Black History Month

As a son of former slaves, historian and scholar Carter G. Woodson of the Association for the Study of Negro Life and History established the second week of February as “Negro History Week” in 1926, coinciding with Abraham Lincoln’s birthday on February 12 and abolitionist Frederick Douglass’ birthday on February 14. The goal of the week was to ensure that the role of African Americans in U.S. history was not misrepresented or erased and that race would be talked about in public schools within the context of the broader society.  Woodson had said, “If a race has no history, it has no worthwhile tradition. It becomes a negligible factor in the thought of the world, and it stands in danger of being exterminated.”

During the Civil Rights Movement, as folks fought for black rights and black history clubs thrived, the week was extended into Black History Month in 1970, with urging from the leaders of the Black United Students at Kent State University. Now, the Month is recognized in the UK and Canada.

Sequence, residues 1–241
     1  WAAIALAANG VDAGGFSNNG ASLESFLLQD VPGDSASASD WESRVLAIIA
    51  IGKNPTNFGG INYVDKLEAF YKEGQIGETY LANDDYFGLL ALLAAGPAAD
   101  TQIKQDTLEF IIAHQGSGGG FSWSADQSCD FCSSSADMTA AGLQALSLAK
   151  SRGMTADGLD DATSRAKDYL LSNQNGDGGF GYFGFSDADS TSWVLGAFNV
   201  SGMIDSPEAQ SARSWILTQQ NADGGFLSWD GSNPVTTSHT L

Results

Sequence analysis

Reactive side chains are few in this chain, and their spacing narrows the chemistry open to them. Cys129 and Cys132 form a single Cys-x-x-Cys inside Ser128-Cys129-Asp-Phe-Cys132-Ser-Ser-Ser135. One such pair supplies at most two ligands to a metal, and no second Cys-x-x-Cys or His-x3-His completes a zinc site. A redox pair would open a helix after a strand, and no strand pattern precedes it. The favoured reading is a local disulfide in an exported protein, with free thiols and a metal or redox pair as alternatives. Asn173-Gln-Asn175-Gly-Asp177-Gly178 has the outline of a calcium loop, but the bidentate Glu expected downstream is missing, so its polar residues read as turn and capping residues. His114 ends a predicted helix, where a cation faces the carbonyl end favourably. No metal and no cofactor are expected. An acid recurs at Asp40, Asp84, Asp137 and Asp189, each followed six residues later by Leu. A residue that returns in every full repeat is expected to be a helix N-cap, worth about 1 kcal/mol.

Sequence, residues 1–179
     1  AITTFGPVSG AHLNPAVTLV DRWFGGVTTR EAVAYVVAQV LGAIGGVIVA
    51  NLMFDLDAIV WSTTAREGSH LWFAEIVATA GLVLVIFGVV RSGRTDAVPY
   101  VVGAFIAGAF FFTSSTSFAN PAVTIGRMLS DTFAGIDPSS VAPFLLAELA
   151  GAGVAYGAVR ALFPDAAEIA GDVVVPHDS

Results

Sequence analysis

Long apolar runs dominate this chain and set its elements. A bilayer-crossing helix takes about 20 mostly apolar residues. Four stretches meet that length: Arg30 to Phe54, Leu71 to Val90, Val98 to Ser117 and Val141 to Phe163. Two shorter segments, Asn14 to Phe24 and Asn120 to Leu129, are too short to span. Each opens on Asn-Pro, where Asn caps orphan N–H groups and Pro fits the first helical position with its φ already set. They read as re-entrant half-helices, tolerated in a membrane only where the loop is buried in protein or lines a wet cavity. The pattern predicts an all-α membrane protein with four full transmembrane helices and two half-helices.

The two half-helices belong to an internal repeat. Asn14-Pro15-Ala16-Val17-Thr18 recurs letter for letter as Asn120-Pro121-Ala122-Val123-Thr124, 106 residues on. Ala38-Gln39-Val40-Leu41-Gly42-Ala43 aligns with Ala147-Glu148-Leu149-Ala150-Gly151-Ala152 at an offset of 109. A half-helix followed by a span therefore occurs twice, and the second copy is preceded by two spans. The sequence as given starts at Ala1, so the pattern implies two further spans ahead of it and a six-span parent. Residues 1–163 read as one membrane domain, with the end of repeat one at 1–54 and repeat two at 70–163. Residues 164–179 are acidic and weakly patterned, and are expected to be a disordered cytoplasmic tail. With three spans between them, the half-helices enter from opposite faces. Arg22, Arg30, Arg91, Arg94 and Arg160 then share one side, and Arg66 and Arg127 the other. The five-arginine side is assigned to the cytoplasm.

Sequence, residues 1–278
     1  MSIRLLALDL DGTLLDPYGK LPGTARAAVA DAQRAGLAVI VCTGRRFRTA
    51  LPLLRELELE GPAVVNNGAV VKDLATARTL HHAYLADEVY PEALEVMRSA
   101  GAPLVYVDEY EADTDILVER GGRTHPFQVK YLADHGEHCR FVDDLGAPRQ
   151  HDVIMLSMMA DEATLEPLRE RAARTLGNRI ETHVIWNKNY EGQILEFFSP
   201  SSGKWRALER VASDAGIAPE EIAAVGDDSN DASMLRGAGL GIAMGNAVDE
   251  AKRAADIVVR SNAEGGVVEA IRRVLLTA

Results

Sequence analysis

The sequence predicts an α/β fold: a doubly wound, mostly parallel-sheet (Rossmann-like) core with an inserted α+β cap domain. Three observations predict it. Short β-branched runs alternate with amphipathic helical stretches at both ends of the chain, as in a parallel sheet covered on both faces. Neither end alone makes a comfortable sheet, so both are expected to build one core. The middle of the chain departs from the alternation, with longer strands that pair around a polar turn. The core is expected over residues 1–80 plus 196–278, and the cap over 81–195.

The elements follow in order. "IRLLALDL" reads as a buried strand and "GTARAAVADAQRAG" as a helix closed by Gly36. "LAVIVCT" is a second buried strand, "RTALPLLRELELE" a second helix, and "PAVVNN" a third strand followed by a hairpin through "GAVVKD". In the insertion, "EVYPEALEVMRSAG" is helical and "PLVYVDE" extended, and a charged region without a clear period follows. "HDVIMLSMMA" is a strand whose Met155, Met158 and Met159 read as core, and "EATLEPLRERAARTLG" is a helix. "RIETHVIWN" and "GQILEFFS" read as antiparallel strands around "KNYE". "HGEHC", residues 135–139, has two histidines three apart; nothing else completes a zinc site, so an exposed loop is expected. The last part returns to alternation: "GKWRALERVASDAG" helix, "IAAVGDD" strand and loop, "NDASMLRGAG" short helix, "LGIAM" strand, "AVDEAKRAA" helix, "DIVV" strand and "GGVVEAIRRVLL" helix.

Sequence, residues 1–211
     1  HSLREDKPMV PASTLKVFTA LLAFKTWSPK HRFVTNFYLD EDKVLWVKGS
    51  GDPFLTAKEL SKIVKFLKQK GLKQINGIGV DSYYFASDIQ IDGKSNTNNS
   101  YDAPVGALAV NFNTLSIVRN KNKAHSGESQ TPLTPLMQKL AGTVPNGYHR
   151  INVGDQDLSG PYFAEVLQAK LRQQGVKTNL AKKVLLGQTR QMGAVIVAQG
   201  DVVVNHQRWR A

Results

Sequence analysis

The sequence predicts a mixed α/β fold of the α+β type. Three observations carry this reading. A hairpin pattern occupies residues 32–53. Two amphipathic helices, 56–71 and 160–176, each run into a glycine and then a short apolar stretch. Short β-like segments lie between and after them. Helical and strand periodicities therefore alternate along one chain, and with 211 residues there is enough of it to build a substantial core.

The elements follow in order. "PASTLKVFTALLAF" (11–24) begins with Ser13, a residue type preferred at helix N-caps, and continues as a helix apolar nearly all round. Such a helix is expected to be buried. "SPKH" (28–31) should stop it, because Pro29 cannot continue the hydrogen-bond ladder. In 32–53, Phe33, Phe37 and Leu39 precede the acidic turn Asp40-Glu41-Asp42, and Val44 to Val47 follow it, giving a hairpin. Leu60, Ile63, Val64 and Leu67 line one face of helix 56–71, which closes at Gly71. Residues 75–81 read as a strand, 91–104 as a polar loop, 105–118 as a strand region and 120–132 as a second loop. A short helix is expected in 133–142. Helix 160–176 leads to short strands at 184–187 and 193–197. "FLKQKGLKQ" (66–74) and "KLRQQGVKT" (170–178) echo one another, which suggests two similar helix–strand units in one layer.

At Trevor, we understand that race, sexuality, and gender are interrelated and must be talked about in the context of socioeconomic privilege so that we can move towards creating a brighter future for all youth. To raise awareness about intersectionality, we often share on social media about how privilege can both undermine and uplift folks of varying identities, and that it is our responsibility to listen and affirm queer youth of color whose individual lives have been shaped differently by their experiences. For Black History Month, we will be highlighting the achievements of black LGBTQ folks, recognizing activists and artists who inspire our future young LGBTQ leaders with the hashtags #BlackHistoryMonth and #BlackFutureMonth. Follow along on our InstagramTwitter, and Facebook as we share information and inspiring quotes. And, please remember that we’re here to celebrate every LGBTQ identity every day.

MLK Day: A Time to Be of Service

As one of the greatest leaders in the advancement of civil rights, Martin Luther King Jr. combatted racial inequality with radical nonviolence, a protest tactic inspired by independence leader Mahatma Ghandi and gay civil rights leader Bayard Rustin. By organizing protests against segregation, poverty, and the Vietnam War, King was consistently of service to others as a minister, activist, and humanitarian. It is for this reason that MLK Day is now recognized as a National Day of Service.